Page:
Dobbs has no problem, of course, identifying traces of the Kennedy legacy also in the U.S.'s actions in Iraq during the presidency of George W. Bush. Kennedy, the author recalls, had proven military experience from World War II and knew the limits of power. The myth was needed to bolster his image as a fearless leader who goes all the way, but in reality, Kennedy acted completely differently. His successor in the White House today, although from a different party, does not stop glorifying his predecessor's brave actions. But Bush, says Dobbs, and primarily the neoconservatives around him, tend to accept the Cuban myth as is. They have no doubt that the use of unlimited force will achieve the desired solution.

Based on brief and concise reports concerning the drama that unfolded on various fronts, the book under review does a good job of relating the various stages - from the discovery of the missiles in Cuba by American spy planes, to Khrushchev's decision to remove them. Communist Party secretary general Nikita Sergeyevich Khrushchev in Moscow, president Fidel Castro in Havana and president Kennedy in Washington were naturally the main heroes. The author includes background information describing the motives of both Khrushchev and Kennedy; the brief history of their acquaintance; and the main points of conflict between the superpowers. This is all woven into the large tapestry of the Cold War.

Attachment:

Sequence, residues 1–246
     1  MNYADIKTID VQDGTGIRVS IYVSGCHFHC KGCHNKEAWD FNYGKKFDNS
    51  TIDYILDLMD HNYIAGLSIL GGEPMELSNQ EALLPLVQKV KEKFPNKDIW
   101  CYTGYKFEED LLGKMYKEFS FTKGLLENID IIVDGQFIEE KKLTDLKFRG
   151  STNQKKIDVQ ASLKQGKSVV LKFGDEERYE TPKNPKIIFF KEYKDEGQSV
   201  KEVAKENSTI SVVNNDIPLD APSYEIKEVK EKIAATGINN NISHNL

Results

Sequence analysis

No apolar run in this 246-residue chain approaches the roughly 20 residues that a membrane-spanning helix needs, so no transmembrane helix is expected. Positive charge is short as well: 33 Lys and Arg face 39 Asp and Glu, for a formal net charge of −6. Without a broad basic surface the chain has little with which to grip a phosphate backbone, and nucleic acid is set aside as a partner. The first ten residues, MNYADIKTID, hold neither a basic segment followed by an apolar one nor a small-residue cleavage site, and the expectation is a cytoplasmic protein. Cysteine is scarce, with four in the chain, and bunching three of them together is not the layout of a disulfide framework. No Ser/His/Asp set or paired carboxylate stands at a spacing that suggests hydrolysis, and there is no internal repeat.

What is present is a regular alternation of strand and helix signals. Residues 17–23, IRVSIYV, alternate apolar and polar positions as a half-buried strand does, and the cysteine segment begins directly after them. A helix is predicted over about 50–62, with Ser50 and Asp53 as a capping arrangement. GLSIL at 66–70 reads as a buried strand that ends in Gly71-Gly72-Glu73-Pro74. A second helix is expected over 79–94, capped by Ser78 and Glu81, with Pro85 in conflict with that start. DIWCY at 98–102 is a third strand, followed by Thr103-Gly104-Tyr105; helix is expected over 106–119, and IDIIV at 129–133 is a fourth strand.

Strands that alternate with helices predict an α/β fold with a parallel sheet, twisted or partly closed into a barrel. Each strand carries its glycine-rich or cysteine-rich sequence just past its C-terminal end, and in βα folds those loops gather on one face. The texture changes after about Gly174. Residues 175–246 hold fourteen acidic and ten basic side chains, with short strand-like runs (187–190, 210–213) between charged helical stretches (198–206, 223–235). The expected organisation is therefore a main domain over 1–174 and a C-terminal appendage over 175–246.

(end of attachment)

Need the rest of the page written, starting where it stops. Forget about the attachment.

Subversive move

The Americans did not hesitate to describe the decision of the Soviet Union's leader to place missiles with nuclear warheads in Cuba as evidence of the malicious intentions of the evil empire. After all, this showed that the goal of international communism, based in Moscow, was to gain control over the world. Castro's willingness to deploy the missiles on an island so close to the coast of Florida only reinforced among the American leadership the recognition that he was a sworn enemy who should be removed from office, and any means for doing so was legitimate.

The official myth concealed this part of the story - the Kennedy administration's desperate efforts to remove the "aging missiles" from Cuba - from the eyes of the American public. It also concealed the fact that the head of this subversive move, who did not hesitate also to enlist in its ranks criminals and Mafia people, was Robert Kennedy, the man depicted as the saint and idealist of the Kennedy family.

After the 1959 overthrow of Cuba's Fulgencio Batista, the corrupt leader who obeyed America's dictates, the U.S. did everything in its power to control the island. Castro's argument - and the reason for inviting the Soviet Union to deploy missiles in his country - that the American neighbor was planning to invade his country and take it over, was therefore not completely baseless. Indeed, the Soviet Union and its leader were very surprised when they discovered such a loyal supporter in such an unexpected region of the world.